Corona distances himself from the bitter family feud of his in-laws over Basa-Guidote Enterprises Inc (BGEI). Controversy surrounds the family corporation of his wife, with a dispute over land and money.
“Hindi naman ako involved diyan sa problemang iyan directly no, kasi ako’y parang nadawit lamang dahil ako nga ay in-law no. At saka ako’y lawyer,” he tells GMA7. (I am not directly involved in that problem. I was just dragged into the issue because I’m an in-law and a lawyer.)
His wife’s cousin, Ana Basa, says otherwise. She says Corona attended several hearings and even got a cash advance from the company.
4. “The Basas are not BGEI stockholders. They already got their share.”
While he says he is not directly involved, Corona comments about the family dispute. He says his wife’s uncle, Jose Maria Basa III, and aunt, Sister Flory Basa, were not stockholders of BGEI.
“Hindi sila stockholder ng korporasyon eh pinipilit lang nila stockholder daw sila. Pero nakuha na nila ‘yung share nila kaya hindi na dapat sila eh parang sumasali pa rito.” (They are not company stockholders but they insist they are. They already got their share so they should stop meddling.)
Corona’s wife, Cristina, claimed she was a stockholder, vice president, and assistant corporate secretary of BGEI as shown in various court documents.
5. “The P11 million loan is BGEI money.”
Corona says the P11-M he first declared in his 2003 SALN was a loan from BGEI, and not from his wife. This loan was used to pay some of his properties. He says he has fully paid the cash advance.
The prosecution asked how Corona was able to obtain a loan from the company when the Securities and Exchange Commission revoked BGEI’s registration in the same year, 2003. Corona has an answer to that.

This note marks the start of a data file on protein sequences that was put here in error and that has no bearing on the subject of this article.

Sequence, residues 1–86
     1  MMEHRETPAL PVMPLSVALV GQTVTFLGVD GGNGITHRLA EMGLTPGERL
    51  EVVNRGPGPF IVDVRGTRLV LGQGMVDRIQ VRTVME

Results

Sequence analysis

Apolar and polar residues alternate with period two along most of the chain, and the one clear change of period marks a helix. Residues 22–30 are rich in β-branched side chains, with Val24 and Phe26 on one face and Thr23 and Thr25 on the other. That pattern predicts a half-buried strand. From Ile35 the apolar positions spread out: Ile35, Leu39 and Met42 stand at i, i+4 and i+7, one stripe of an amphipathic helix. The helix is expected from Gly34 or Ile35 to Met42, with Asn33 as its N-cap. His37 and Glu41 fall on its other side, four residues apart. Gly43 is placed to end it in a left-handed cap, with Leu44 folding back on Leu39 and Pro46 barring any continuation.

“Kasi nag-expire na ang kanyang ano, pero the fact is andun pa ‘yung kanyang corporate property. Kung anu-ano pang ari-arian ng korporasyon andun pa rin ‘yun.” (Even if the license expired, the fact is the corporate property is still there. Whatever properties the company owns is still there.)
6. “The P30 million I withdrew was BGEI money.”
Corona also confronts questions about the over P30-M he withdrew from 3 Philippine Savings Bank (PSBank) accounts he closed on Dec 12, 2011.
“’Yun nga ‘yung pera ng korporasyon (BGEI), pinagbentahan ng lupa.” (That’s the money of BGEI, coming from the sale of the land.)
Corona is referring to a 1,000 sq-m lot in Manila with a commercial building that his wife sold to the city government of Manila in 2001 for P34.7 million.
Asked why he did not declare the amount in his SALN, Corona says, “Because it’s not ours. It’s the corporation’s money. Will you declare in your SALN something that’s not yours? Of course not.”
7. “Closure of 3 accounts on impeachment day just a coincidence.”
Corona also says the closure of the 3 accounts on the day he was impeached was pure coincidence.
“Nagkataon lang iyon kasi kung hindi namin nabalitaan na isa iyon sa articles of impeachment siguro hindi namin aalisin. Eh nabalitaan namin kasi may mga kaibigan din naman kami doon sa Kongreso na ito ang ebidensya.” (That’s just a coincidence because had we not known it was one of the articles of impeachment, we would not have closed the accounts. But we heard about it from our friends in Congress that this is the evidence.)